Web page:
There are gardens of all kinds, sizes and colors. Some are crafted in the dirt, some from paper, and others could just be a real mystery!
Want to learn how to build an outside room of gorgeous color and flowers? Adrian Bloom can do this with his book: Bloom’s Best Perennials and Grasses. His designs are for the full year round gardens. This book shows great pictures of plants, when their blooms are of peak interest, and what plants look great together. Looking through this book will make the gardener want to get out and put their hands in their dirt.
On another level of flowering is the Quilled Flowers by Alli Bartkowski. One does not need to get outside in this recent burst of cold weather, but stay inside as Alli demonstrates how to create gorgeous flowers with paper. These flowers are showy in both frames and vases.
Kate Morton brings another garden to the picture, The Forgotten Garden. Her entwining stories revealing a century of family secrets moves from current day Australia to past times in England. Who is Nell? What really identifies us? Our parents or complex relationships?
Peter Turnbull pulls a real mystery in his The Garden Party. Detective Inspector Harry Vicary is to find out what happened at a garden party. What does the child-like scrawled note found in the hotel wall have to do with the burnt bones? Follow Harry through this investigative garden!
Have you read any garden stories lately? Or do you just like to get your hands in the dirt and garden? Let us know what you have been reading recently! Or What ‘cha Reading?
Did you know that March is International Listening Month? It seems that listening can be a major obstacle or a real blessing for so many stories and novels. Some story plots create multiple layers of conflict that escalate when two or more characters do not listen to one another. Then there are other books based on characters listening to each other, solving problems and creating a wonderful feel good tone to the story.
I recently read a Regency historical romance novel. Tracy Anne Warren’s The Princess and the Peer is one story where the characters do not listen to each other. The story develops an intensity through this family feud just because Princess Emma of Rosewald could not get her brother, Prince Rupert, to listen to her. He refused to change his idea of a dynastic marriage for her.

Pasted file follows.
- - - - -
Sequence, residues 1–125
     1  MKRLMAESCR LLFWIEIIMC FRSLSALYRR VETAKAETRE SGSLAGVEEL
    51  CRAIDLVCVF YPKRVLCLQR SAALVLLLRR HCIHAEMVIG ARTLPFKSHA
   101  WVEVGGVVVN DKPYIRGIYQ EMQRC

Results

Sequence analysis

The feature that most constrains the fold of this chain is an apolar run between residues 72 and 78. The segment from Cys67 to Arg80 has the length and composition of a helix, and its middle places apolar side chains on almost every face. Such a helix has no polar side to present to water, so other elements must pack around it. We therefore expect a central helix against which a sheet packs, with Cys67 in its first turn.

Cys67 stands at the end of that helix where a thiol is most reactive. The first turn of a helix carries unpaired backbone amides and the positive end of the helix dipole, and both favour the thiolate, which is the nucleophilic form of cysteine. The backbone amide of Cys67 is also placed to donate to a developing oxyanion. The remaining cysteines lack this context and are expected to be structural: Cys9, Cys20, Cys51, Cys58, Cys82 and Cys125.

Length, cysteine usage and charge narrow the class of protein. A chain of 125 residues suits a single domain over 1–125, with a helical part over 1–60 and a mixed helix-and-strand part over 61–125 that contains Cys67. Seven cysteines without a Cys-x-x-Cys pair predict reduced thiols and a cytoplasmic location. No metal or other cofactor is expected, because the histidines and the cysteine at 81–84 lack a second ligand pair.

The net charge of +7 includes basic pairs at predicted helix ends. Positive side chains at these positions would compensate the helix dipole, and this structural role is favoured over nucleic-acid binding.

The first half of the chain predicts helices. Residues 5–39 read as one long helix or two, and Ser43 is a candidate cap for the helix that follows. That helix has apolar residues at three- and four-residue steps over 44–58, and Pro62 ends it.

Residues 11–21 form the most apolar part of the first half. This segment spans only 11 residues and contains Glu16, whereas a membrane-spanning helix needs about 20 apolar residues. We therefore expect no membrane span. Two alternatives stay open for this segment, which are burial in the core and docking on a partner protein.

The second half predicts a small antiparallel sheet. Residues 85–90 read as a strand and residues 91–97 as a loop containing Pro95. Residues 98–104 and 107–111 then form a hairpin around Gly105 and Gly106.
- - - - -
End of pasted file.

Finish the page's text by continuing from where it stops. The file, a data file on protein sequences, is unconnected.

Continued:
Since her brother will not listen to her, she wants one last fling as a free woman. She runs away to London and stumbles upon a handsome, caring, and vibrant Earl. Emma knows if she obeys her brother’s marriage wishes, she will never be happy. Prince Rupert’s lack of sensitivity towards his sister and his devotion to the state of their home country, leads Emma to break all rules.
However, there is one character in the book that seems to be listening and really paying attention to everything. Emma’s sister turns out to be fully engaged with all that is going on in the castle.
This is a fun book to read and Tracy Anne Warren is keen to the ways of royalty and historical romance novels.
On a more serious note, there is The End of Your Life Book Club by Will Schwalbe. This is a true story of a son and his mother, as they begin sharing the books that they have read, liked and that have had some type of effect on their life.
Will’s mother is ill. He is spending time sitting with his mother at the cancer center as she receives her chemo treatments. Their book club begins with a simple conversational question toward each other: “What are you reading?” (Hmmm… we are not the only ones asking “What ‘cha Reading?”) As they share and discuss and involve each other in their reading, they realize the power of books upon their lives and others.
What a wonderful way to rediscover relationships and memories. Yet, mostly, it is a wonderful way to delve into the spirit and true essence of a person you truly care about. Books are powerful! Just listen to them!
Have you read anything you have enjoyed or not enjoyed recently? Let us hear from you! Or “What ‘cha Reading?”
Two books that I have read recently speak boldly of compassion and people’s values and faith.
Same Kind of Different as Me by Ron Hall and Denver Moore tells of two lives – opposite in interests, race, economic status – and how one woman brought them together. Ron Hall, a white man determined to make it big as an international fine art dealer in Fort Worth Texas, marries a woman with a strong tenacity to help others around her. Then there is Denver Moore. He would be considered your modern day slave. Born in Louisiana and worked the cotton fields for “the man” until he escaped and ended up in Fort Worth, Texas as a homeless man.
Ron’s wife persuaded him to join her at the mission to help serve a Tuesday meal to the homeless. Ron considered this to be a way to be helpful yet remain at a safe distance from getting involved. Well, his wife had other plans. She then wanted her husband to befriend one of the gentlemen at the mission who seemed to stand back away from everyone. This is where Ron meets Denver. Denver is hesitant to get close to Ron because when white men fish, “they do this thing of catch and release.” A black man would never think of throwing the fish back in. A black man would be proud of what he caught and then want to share it with family and friends. Denver wanted to make sure that Ron would not toss him back in the water when he was done with Denver’s friendship.
Their friendship grew over a short time. It became very strong during a sad and trying time for the two men. This is where the reader realizes the strength, compassion, and true grit of what two men shared. You have to read this book.